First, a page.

Engineers watch a quarter scale model of a wing-like guidance system that could be used to steer a new type of Earth-observing balloon.
Science tends to be a conservative profession. Only rarely are “discoveries” made or paradigms upended. And most researchers spend entire careers working toward incremental advances in understanding rather than dreaming up radical new ways to tackle a problem.
So it’s not often that you’ll find the word “revolutionary” in the pages of a peer-reviewed scientific journal. Yet, that’s precisely the word that a group of earth scientists and balloon boosters use liberally in a Bulletin of the American Meteorological Society article describing the experimental balloon platform that NASA-funded scientists and engineers have dreamed up.
They’re called StratoSats and, according to advocates like Warren Wiscombe, a senior scientist at NASA’s Goddard Space Flight Center who studies Earth’s energy budget, the long-duration balloons would cruise on the cusp of space far above airplane traffic. From high in the stratosphere, these super-pressure balloons could collect key data on Earth’s energy budget, climate, magnetic field, and atmospheric water vapor for a tiny fraction of the cost of competing technologies, such as unmanned aerial vehicles or satellites.
Advocates for StratoSats envision hundreds floating in the stratosphere. Constellations of the balloons could be organized to suit the needs of scientists, from “string of pearl” formations that keep a hurricane constantly in view to more or less uniformly distributed formations – as shown in the simulation below (each yellow dot represents a StratoSat).
With the uniform distribution, Wiscombe says, the StratoSats could survey over 99 percent of the atmosphere both vertically and horizontally and cover certain areas near the poles that aren’t readily detectable by satellite instruments in sun-synchronous orbits. The StratoSats would be able to ride strong zonal winds that would push them around the Earth every 10 to 20 days.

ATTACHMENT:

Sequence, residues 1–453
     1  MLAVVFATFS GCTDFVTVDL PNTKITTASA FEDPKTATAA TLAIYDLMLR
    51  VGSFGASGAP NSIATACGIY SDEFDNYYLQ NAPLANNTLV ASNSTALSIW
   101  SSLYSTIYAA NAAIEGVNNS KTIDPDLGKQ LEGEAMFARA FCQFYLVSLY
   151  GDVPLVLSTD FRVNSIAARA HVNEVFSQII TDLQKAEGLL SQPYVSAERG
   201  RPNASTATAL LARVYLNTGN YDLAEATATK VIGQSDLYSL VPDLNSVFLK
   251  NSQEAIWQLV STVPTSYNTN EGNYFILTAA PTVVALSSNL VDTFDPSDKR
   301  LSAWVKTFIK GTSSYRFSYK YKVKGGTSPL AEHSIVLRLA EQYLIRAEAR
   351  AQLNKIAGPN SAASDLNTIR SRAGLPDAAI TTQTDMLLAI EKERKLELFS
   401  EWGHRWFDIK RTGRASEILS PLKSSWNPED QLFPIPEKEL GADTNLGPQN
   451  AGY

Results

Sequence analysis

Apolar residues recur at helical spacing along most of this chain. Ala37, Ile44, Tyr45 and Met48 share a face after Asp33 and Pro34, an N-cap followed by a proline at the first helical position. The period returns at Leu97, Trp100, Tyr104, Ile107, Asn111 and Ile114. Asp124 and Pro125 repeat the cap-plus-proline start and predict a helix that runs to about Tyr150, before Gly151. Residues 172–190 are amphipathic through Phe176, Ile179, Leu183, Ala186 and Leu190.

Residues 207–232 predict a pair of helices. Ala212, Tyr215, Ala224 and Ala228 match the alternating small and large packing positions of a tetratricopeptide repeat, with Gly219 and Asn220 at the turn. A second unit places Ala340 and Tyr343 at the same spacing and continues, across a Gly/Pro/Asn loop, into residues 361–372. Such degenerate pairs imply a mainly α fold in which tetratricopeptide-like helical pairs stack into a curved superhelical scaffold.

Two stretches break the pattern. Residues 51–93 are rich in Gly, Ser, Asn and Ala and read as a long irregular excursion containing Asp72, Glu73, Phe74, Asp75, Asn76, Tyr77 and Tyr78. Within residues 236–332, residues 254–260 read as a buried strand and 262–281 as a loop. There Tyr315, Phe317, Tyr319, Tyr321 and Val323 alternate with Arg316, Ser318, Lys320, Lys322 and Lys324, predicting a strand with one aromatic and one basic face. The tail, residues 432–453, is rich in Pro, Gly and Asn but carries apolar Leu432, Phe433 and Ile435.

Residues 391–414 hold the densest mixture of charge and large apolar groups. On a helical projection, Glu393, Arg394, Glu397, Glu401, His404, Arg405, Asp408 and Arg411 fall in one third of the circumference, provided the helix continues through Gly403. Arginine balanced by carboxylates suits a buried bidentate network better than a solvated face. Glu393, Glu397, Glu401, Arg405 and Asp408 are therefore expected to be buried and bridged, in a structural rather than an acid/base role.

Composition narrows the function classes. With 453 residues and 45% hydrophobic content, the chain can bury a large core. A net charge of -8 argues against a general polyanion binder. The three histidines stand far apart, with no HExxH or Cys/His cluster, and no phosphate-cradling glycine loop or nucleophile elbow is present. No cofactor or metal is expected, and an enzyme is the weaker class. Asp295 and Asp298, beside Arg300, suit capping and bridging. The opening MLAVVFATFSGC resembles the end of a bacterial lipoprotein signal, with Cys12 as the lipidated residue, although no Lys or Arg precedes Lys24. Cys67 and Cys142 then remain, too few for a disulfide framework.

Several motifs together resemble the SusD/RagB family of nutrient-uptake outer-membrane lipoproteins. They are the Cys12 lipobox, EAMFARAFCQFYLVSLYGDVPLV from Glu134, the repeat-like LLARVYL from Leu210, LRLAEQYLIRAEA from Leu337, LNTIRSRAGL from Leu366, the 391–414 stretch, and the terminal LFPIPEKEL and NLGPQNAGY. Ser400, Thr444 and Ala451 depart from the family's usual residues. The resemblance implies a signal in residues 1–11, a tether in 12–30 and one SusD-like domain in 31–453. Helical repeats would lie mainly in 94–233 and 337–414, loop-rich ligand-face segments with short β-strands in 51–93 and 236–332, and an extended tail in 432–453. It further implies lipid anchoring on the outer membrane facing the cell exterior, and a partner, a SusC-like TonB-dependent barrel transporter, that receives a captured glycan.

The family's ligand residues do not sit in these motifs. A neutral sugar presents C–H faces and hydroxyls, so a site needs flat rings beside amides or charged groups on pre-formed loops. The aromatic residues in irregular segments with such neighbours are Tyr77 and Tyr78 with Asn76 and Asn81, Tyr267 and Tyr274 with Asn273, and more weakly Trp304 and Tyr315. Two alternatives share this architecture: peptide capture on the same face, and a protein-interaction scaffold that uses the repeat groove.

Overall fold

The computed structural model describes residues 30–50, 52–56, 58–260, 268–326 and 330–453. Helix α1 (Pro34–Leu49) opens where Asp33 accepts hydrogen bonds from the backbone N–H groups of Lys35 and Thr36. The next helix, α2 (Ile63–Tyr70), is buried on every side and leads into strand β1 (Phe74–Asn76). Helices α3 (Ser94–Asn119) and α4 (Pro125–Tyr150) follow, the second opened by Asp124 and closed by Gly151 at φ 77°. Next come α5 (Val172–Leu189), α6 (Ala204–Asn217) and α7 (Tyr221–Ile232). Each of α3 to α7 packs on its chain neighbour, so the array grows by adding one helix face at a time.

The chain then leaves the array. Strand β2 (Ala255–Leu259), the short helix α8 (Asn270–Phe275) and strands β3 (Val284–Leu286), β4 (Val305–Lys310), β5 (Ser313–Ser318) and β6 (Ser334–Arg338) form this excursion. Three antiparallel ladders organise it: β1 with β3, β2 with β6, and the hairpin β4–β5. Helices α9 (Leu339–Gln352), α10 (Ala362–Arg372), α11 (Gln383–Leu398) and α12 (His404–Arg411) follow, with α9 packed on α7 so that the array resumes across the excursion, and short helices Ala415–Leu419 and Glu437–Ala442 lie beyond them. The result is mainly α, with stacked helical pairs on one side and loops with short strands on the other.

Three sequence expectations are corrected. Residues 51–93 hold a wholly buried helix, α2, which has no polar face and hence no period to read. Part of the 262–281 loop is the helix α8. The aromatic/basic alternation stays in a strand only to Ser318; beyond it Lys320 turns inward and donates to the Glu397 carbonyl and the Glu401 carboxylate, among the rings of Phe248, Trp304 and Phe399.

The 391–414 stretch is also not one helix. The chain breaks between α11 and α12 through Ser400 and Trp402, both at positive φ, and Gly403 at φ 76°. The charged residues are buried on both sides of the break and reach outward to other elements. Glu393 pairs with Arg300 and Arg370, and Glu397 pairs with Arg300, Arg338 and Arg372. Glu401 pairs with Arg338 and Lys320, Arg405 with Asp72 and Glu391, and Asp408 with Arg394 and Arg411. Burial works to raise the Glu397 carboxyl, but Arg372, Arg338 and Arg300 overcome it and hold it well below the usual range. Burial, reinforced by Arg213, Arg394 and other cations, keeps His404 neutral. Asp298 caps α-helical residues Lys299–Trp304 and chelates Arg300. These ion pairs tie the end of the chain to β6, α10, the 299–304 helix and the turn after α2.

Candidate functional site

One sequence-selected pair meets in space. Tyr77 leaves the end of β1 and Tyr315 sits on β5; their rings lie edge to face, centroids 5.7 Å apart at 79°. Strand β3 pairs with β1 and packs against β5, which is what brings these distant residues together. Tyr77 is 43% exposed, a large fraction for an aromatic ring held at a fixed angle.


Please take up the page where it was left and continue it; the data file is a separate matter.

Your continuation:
One nagging drawback of research balloons is that they drift with the winds, which can make it difficult to collect usable data. However, the StratoSats would have a 15-kilometer tether toting a 5-meter wing far below. The wing would function much like the sail of a sailboat, and give scientists the means to keep the balloons on a set course. “Steering a StratoSat is somewhat like steering a cruise ship,” Wiscombe said. “You can’t make sharp turns, but you can achieve a new course within a few days.”
For the last ten years, NASA has been developing ultra-long-duration balloons (ULDB) that aim to study remnants of the early universe. Though some of these stratosphere capable balloons have failed to deploy completely during tests, NASA’s Balloon Program, based at Wallops Flight Facility in Virginia, has carried out a successful 54-day flight of a small Super Pressured Balloon.
Meanwhile, full-scale mechanical prototypes of the StratoSat guidance system have already been built and ground-tested. And NASA-funded engineers have successfully flown one-quarter scale balloon guidance systems (below) from blimps, Wiscombe said.
StratoSat boosters may not have too much longer to wait. According to David Pierce, the Chief of NASA’s Balloon Program, his team is already well on its way to providing the sort of capabilities that StratoSats would require.
“There is still some engineering development that must be accomplished to fully integrate the small super-pressure balloons with the StratoSat sail, but you can expect the smaller super-pressure balloons to be available within the next year for Earth science missions,” he noted. “We are quite confident that StratoSats could do a lot of science at much less cost than orbiting satellites.”
Image Information: The second image is an illustration of the StratoSat platform. The third is a map that shows the potential formation of a fleet of StratoSats (each yellow dot represents one StratoSat). All three images were published in the Bulletin of the American Meteorological Society without crediting information. The corresponding author of the paper, which is available here, is Kerry Kock.
— Adam Voiland, NASA’s Earth Science News Team